The sun is finally upon us!! If you live anywhere in the New York metro area, you're probably dusting off your flip-flops and realzing that half of last summer's t-shirts don't fit you anymore. Not to worry--Target runs perpetual sales, and they sell bona-fide Hendrix and Zeppelin shirts for cheap. Now, I'm no meteorologist, but I want to get together a pool for the exact date that everybody will start complaining about the heat/humidity. My guess is May 5, which I'm choosing for no other reason than that it's far enough away to sound reasonable even if I lose. If I chose a day in April and it turns out to be balmy, I'll have my roommates laughing at me for days about how I'm a stupid idiot who can't pick stupid days for the idiot weather to get hot. They'll call me a freak, and they'll tell me to go hang-gliding. But I love them. So there.
The NCAA tourney has not turned out as it was supposed to. My Facebook pool was submarined by Texas, which lost in the second round because of bad coaching, non-existent passing, and a game plan that curiously and inexplicably bypassed Kevin Durant. That may not sound too terrible, but that would be like the 1993 Chicago Bulls playing in the NBA finals and never once running a play for Michael Jordan or Scottie Pippen. That's how important Durant is for Texas--or, how important he was, since he's going to bolt to the NBA for better coaching and zillions of dollars in contracts and endorsements.
All this talk of money, though, recalls an interesting conversation I had with Avi Shimon Christopherson, who at the time was driving on the Nassau Expressway towards Queens, and regaling this shotgun passenger with his worldview: in essence, he said, the world's populace mainly busies itself with acquiring those things it deems important--money, prestige, status, possessions, property, etc. He, on the other hand, accrued that which made him "truly wealthy," in his words: good deeds, precepts, afterlife points, all the things that go into building a spiritual, somewhat ascetic existence. At the time, I told him to pull over so I could buy some more beer. Besides, I'd heard nothing but those exact words from him for months and months in Tsfat, so I didn't take the time to invest in the repetition.
The thing is, he's either completely right or he's completely wrong. Either way, it's admirable that he's chosen to live on the extreme he finds to be true. Let me explain--Judaism offers a certain conception of the world, one which posits a God and a Bible and a certain purpose and objective for humanity. Now, you either believe that or you don't. Many, many people are somewhere in between, but the ideological decision ultimately boils down to whether or not you accept this stance.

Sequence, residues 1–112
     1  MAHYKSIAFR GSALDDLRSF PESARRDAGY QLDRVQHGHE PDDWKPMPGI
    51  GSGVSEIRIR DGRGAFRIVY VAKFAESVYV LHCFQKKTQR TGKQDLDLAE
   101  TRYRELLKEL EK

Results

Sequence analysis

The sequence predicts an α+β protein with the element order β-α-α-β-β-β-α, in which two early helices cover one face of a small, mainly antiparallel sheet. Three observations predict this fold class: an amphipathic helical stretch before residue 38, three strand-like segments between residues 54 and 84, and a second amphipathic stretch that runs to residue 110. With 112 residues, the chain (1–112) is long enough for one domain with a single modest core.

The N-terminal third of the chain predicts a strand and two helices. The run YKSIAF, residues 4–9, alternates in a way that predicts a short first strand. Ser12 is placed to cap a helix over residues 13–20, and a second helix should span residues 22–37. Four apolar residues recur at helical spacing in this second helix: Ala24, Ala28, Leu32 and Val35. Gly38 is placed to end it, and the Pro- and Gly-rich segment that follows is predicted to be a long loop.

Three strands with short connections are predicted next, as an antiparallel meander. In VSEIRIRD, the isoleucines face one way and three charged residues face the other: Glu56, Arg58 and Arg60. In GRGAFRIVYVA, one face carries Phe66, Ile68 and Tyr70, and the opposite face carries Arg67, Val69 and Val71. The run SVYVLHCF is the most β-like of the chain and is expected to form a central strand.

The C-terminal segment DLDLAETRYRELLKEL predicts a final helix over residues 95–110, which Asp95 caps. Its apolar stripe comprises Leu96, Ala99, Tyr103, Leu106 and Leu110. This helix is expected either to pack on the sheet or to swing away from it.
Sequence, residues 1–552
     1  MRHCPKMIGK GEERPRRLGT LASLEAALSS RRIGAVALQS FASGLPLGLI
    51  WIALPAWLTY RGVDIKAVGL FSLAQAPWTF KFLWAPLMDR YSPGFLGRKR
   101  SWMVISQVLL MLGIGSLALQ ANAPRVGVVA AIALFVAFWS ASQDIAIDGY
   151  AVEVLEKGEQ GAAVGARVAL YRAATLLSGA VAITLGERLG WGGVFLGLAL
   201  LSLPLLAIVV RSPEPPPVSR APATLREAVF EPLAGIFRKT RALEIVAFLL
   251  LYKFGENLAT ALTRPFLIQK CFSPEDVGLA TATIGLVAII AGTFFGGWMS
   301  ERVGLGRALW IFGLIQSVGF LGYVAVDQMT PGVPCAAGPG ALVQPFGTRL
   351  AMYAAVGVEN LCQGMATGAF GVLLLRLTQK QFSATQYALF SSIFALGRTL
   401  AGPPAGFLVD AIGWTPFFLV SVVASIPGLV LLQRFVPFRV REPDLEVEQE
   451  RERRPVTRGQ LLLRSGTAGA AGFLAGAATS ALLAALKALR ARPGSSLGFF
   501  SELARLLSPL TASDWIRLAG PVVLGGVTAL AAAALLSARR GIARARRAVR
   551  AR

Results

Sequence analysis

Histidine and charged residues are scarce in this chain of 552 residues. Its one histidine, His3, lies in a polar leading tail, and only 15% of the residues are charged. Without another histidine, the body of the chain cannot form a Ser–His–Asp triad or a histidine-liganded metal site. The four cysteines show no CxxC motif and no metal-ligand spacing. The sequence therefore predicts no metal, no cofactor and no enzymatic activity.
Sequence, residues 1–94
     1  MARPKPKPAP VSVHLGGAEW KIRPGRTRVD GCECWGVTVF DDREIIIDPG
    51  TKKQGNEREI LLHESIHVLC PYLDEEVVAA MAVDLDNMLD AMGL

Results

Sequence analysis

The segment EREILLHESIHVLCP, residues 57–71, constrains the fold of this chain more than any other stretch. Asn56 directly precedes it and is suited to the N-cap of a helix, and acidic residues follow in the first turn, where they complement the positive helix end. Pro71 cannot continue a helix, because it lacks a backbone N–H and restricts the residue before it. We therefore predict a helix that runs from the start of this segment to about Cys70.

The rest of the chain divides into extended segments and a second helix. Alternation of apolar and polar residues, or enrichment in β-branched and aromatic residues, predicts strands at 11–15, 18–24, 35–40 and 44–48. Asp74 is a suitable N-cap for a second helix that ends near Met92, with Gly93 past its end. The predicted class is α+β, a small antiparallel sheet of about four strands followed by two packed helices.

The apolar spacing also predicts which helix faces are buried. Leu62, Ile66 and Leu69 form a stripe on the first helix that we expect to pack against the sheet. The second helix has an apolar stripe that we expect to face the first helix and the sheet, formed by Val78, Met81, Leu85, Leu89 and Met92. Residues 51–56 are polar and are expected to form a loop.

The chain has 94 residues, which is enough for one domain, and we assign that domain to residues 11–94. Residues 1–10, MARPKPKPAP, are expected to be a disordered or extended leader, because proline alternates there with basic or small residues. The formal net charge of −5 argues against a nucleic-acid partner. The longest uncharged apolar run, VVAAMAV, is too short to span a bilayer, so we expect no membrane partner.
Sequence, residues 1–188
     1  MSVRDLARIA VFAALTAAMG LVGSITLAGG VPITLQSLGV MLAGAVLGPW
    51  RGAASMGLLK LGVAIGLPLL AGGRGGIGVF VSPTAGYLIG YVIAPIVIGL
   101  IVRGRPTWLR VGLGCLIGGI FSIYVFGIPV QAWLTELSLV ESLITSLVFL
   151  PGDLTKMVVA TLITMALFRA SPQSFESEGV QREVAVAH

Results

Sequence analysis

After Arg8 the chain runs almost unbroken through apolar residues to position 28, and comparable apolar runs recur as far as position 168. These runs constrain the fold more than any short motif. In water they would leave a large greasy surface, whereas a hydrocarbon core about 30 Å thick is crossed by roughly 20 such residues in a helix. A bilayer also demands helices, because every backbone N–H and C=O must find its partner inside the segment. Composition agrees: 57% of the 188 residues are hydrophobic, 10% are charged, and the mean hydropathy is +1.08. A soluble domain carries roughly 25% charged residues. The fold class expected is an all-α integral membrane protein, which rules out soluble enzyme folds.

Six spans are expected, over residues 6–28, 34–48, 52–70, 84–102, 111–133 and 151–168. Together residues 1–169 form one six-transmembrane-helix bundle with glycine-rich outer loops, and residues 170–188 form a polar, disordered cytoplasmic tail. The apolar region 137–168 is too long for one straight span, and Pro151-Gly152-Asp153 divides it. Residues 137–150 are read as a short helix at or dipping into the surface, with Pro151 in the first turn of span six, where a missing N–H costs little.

This is a society in which people are free to actualize their desires and let their beliefs steer their behaviors (and we'll assume, for the purposes of this conversation, that this is the world we're living in. At least I am. If you're not, get the hell in right now before your mother tells you to put out that joint and get a job, you're 35 goddammit, all you do is sit at home on that couch watching Court TV and cartoons, I can't believe you, I can't believe you turned out this way, why won't my son ever be like my daughter? Jill is a lawyer and has kids, and you're a bum on my couch! A BUM ON MY COUCH!!! Shut up mom, you don't know anything about me. No, you shut up, son, I can't believe you. Well, fuck you mom. Well, fuck you too).
So--and this is the essential Jewish question--if you believe in the "God construct," we'll say, then there's really no reason to bother with achieveing wealth and prestige, since you know that all that matters, lasts, lives, and has effect has nothing to do with cars and houses. It has everything to do with studying the Bible and the holy books, living a Jewish lifestyle, and devoting oneself to gathering afterlife points and a healthy celestial standing.
The converse is just as defined. If one does not accept the "God construct," and does not believe that this world exists purely for the revelation of God's presence and influence, and does not put any weight into performing the corresponding tasks and affecting the appropriately observant lifestyle choices, then there is no reason at all to be mildly religious. That mindset necesssitates, in a very profound sense, a secular lifestyle.
And that is why Avi Shimon Christopherson has the right idea, as far as I can tell. "Modern" Judaism, in all its subgenres--Orthodoxy, Conservadoxy, Conservitavism, Reformism, and Reconstructionism--contains the tacit admission that you're not completely sure about how this world works. Or, if you are, then you're not willing, for whatever reason, to pack in the 9-5, the two cars, and the summers in the Hamptons (or, in some cases, the mistress, the second family, the bank account no one knows about, and the sanitation business). Living a dualistic lifestyle is undeniably not ideal, and though it may serve very functionally, and it provides a comfortable compromise of relgious and secular values, it is just that: a compromise. If it was gambling, it would be placing a small or moderate bet, as oppposed to going all in. You risk less, but you stand to gain less as well.
Stay moderate, modernity,